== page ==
The boy following her to the battlefield at Antietam on Sunday squirms. “Happy thoughts,” he says.
“Even if you killed all the people who were here today, it still wouldn’t be as many.”
When you put it like that, it sounds even more alarming than usual.
How do you remember something so large and so incalculably bloody? On the page, the numbers are so startlingly large as to be incomprehensible. More than 23,000 casualties? There is nothing tangible about a number so huge.
The Battle of Antietam, the bloodiest day of the Civil War and one of the bloodiest days in history, took place near an unprepossessing town.
Sharpsburg today looks much as it did 150 years ago, when the troops came marching in. Its population is around 700, scarcely more than it was 200 years ago. It is proud of this fact. “It looks very much as it did in the 1800s. The people of Sharpsburg are content with that,” notes the town Web site, “– they are proud of their history and heritage.”
From D.C., it is a drive of almost two hours to Sharpsburg, down winding, precarious roads, through Historic Town after Historic Town. There is a certain component of travel in time associated with travel in space. Go from a small city to a bigger city, and the music that is playing everywhere is the music that you will hear everywhere in the small city a few months later. Leave a small city and travel to a smaller one, and you start hearing music you have not heard in years.
In Sharpsburg, there is a great deal of music — from the Wildcat Regimental Band, from the service in Dunker Church, songs from 150 years ago. The landscape looks mostly the same. The corn waves near the Bloody Lane the same way it waved 150 years ago.
Stroll down Bloody Lane and there are markers everywhere noting how many fell in each few feet of ground. It soon boggles the mind. The names of unremarkable landmarks in this country landscape have an eerie echo to them. The Sunken Road. Burnside Bridge. Dunker Church. Something happens to a place when you fight over it — not only to the ground but to the names themselves.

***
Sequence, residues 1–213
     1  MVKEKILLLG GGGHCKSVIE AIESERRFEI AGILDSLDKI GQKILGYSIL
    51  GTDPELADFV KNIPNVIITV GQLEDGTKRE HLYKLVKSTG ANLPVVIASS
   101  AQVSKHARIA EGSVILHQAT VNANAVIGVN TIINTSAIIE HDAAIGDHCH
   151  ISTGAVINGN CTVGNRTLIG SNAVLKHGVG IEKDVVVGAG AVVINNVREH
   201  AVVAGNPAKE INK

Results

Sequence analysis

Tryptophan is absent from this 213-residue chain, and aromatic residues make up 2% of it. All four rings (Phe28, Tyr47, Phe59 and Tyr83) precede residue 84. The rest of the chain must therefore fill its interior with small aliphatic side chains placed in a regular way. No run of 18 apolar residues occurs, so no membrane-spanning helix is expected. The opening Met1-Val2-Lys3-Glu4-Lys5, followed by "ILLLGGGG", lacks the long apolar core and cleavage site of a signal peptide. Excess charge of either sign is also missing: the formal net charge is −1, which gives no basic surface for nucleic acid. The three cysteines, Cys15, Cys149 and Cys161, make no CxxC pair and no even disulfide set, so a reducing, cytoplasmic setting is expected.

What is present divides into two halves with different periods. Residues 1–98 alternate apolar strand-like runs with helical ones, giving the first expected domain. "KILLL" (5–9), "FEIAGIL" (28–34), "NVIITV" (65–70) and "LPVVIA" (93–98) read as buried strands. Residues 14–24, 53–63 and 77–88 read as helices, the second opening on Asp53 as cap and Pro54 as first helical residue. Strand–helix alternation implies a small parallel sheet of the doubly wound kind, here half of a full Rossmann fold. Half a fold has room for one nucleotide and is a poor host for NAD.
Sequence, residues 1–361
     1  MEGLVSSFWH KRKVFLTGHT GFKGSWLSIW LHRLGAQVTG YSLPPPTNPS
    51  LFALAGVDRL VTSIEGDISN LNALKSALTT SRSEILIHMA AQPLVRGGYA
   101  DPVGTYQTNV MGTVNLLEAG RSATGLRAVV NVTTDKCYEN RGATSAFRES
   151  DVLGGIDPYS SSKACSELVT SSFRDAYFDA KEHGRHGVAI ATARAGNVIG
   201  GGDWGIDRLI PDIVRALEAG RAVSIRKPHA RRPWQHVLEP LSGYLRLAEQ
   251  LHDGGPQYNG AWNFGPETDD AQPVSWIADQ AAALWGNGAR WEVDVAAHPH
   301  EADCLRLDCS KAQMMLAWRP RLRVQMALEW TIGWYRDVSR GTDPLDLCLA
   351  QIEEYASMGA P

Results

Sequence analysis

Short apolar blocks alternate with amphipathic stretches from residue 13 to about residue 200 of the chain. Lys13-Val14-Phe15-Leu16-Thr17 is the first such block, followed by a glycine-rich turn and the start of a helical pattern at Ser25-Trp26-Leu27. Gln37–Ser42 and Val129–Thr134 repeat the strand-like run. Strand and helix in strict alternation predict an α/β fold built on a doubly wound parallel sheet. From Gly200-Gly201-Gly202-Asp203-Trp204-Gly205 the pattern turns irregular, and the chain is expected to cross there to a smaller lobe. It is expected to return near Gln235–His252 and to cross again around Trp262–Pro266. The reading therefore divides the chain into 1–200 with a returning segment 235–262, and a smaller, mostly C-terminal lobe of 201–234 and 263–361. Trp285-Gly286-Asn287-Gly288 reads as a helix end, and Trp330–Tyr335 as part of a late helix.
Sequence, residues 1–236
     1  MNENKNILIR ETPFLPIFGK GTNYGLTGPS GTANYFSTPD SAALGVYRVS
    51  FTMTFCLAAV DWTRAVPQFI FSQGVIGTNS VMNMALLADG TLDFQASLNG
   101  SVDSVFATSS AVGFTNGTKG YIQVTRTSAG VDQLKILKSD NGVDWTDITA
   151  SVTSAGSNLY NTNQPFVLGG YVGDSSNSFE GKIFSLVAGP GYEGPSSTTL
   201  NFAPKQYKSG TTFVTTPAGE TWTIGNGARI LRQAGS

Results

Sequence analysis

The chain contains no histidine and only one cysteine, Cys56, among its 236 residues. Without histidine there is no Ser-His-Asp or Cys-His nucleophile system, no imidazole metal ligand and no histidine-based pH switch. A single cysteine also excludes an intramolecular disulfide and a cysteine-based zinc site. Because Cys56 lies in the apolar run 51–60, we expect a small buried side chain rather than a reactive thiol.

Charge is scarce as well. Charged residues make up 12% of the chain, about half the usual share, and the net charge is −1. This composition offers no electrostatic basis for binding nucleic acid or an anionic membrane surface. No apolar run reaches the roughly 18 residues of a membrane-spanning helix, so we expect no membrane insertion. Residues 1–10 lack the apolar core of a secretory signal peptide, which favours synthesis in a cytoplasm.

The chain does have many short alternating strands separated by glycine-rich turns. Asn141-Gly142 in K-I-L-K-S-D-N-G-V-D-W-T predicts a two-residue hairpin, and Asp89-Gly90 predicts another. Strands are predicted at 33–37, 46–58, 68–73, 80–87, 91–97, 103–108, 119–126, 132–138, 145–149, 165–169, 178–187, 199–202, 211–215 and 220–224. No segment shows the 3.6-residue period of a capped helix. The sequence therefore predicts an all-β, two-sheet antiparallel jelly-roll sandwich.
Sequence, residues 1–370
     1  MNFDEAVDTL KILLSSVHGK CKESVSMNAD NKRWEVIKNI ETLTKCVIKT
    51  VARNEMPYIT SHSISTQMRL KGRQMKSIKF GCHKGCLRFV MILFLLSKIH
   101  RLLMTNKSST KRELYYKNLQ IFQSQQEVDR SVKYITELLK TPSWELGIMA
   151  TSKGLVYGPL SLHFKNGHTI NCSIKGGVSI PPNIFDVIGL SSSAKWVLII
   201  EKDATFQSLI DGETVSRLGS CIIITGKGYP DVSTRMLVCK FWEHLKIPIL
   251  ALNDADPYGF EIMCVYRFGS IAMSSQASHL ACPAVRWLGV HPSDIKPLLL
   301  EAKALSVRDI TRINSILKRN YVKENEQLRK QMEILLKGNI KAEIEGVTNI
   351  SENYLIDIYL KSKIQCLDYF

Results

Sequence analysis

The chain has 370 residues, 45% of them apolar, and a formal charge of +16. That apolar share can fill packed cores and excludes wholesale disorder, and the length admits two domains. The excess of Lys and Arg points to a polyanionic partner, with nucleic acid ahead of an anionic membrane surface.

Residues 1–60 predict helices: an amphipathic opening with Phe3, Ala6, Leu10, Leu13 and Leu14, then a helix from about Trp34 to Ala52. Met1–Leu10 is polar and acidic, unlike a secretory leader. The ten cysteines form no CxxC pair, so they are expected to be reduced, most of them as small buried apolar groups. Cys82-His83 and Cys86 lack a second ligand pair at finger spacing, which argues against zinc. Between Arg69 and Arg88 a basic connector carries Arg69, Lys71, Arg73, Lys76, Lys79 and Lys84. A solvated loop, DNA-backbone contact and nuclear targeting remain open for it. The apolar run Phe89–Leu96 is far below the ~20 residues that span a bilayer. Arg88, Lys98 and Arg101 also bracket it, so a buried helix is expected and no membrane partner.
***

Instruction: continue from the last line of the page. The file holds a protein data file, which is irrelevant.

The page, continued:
Anachronisms come with the territory. The reenactment is a few miles away from the field itself, and I only make it in time to see the retreat, a slow snarl of cars and horse trailers and campers making their way back to the present. As a regimental band plays minstrel songs, a woman reads “Fifty Shades Freed.” Romney campaign signs garland the countryside leading up to the field. An airplane flies over Bloody Lane.
Remembering is hard. In the case of the Civil War, it is largely an extracurricular activity. As universities shed their military history departments, to trek over rocky battlefields trying to figure out who fell where and how and why becomes largely an act of private devotion. Most of us are left alone with the sterile numbers on the page. Those who don’t remember history may be doomed to repeat it, but those who do remember history are doomed to reenact it.
After the scheduled skirmish, the reenactors trickle over to the actual battlefield and lounge in their thick woolen uniforms, with clanking canteens, listening to historians lecture.
The battle, James McPherson argues, was absolutely pivotal. Only afterward could Abraham Lincoln issue the Emancipation Proclamation, after waiting so that his edict freeing the slaves in Confederate territory did not sound like the desperate last-ditch measure of a losing cause. Antietam was the closest thing to a victory that the Union had had for some time. It came just a few days after Confederates captured the arsenal at Harper’s Ferry and its store of clothing and munitions. It could have been a resounding Confederate defeat had Union General George McClellan evinced more willingness to engage. While the battle raged, he held thousands of troops in reserve, wasting a numerical advantage of nearly 2 to 1. But it was enough of a victory. Gen. Robert E. Lee’s string of victories was over, and his invasion north of the Potomac had been halted.
“I think the time has come now,” Lincoln said. “I wish it were a better time.”
After Antietam, the war was explicitly about slavery, making it almost impossible for Great Britain to intervene. It was a war, as Lincoln noted in his Second Inaugural Address, in which every drop of blood drawn by the lash might be paid by another drawn with the sword. We remember this powerful consequence. But it would not have happened without the thousands who fell in Antietam — this uncomfortably tangible place, in the cornfields and by the bridges and in the sunken road.